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"Get Your Business Funded!"

written by: Navic Deka

"If you would know the value of money, go and try to borrow some."
- Benjamin Franklin

Only if you have a strong foundation in place will you be able to obtain the funding necessary to accomplish your ambition; any lender or investor will want to see that those parts are in place. This foundation is equally crucial whether you want to self-finance the firm through savings, credit cards, or some other strategy because it is the cornerstone for building a small business that will last.

There are a ton of different sources of funding, which is fortunate because it's quite rare that you'll get all the money you need in one location. Perhaps you'll mix your own cash savings and credit card debt with an SBA loan, an uncle's gift, and a gift. The future? Finding the money to support the goal is never easy for an entrepreneur, but it is a necessary aspect of the job. Yes, it will be difficult, and you could feel defeated and you might not raise as much money as you would like, but keep in mind that many new business owners have obtained the funding to launch their enterprises; if they could do it, you can too. Hold on to it. You can do it if you have a decent idea and a sound plan.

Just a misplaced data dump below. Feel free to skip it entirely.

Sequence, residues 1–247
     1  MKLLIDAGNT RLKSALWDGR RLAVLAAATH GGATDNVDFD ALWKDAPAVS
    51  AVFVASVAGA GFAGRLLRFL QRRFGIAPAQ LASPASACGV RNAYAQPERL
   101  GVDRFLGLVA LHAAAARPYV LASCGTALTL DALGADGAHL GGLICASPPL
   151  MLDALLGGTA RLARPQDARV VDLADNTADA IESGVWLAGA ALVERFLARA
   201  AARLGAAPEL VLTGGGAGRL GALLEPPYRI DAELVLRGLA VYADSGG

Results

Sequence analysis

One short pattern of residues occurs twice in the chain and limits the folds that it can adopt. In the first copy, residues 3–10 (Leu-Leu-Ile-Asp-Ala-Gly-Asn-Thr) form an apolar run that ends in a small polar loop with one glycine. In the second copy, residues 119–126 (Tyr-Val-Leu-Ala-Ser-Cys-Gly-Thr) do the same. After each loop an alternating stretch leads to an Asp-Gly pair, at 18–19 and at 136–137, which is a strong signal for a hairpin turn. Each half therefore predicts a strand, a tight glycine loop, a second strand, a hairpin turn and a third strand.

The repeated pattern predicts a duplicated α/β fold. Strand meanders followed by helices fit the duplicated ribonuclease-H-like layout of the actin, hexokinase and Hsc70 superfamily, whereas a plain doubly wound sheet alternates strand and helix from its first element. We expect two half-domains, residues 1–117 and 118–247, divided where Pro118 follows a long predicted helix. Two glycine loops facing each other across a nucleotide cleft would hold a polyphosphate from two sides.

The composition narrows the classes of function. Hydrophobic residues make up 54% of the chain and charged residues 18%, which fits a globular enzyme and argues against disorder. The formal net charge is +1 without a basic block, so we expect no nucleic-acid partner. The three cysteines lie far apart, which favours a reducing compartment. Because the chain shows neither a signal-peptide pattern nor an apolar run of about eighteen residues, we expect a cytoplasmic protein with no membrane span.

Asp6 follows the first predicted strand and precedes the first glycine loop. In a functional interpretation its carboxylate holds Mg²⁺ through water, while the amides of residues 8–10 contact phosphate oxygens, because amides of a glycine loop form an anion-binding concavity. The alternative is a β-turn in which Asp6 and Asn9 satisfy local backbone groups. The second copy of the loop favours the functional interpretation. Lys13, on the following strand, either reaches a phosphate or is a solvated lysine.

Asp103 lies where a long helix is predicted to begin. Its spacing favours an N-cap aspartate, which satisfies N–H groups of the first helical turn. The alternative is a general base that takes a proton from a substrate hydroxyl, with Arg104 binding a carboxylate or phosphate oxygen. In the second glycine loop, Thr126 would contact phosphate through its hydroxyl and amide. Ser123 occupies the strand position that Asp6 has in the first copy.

The great majority of small enterprises are launched with at least some of the owner's own capital. In fact, even if you are considering bringing in outside investors, the majority will expect you to share some of the financial risk. Yes, it's unsettling to consider using your resources for an unproven business idea, but keep in mind that an entrepreneur is someone who is ready to accept a financial risk in order to gain money. So, putting some of your own money at risk is a requirement of the job.

Where did you get that cash from? You will need to spend at least portion of your savings. See whether you may get an advance on any inheritance you could receive in the future. Many brand-new small business entrepreneurs use their 401(k) or IRA savings; damn the penalties, let's go full bore. Consider selling your stock portfolio if you have one. If you want to make your goal come true, you will probably need to be imaginative and a little bit brave.

The use of home equity is a different choice that I much less favor. Yes, that happens frequently, but it is not wise and ought to be avoided whenever feasible. Why? You are aware that a home equity loan is a loan that is backed by your residence. Your home is at stake if your wager is unsuccessful or if the company fails. How will you repay that home equity loan if the firm fails and money becomes scarce? What will happen if you are unable to do so? Remember what I mentioned earlier? Savvy business people take the least amount of risk feasible. It might be unreasonable to put your house at risk.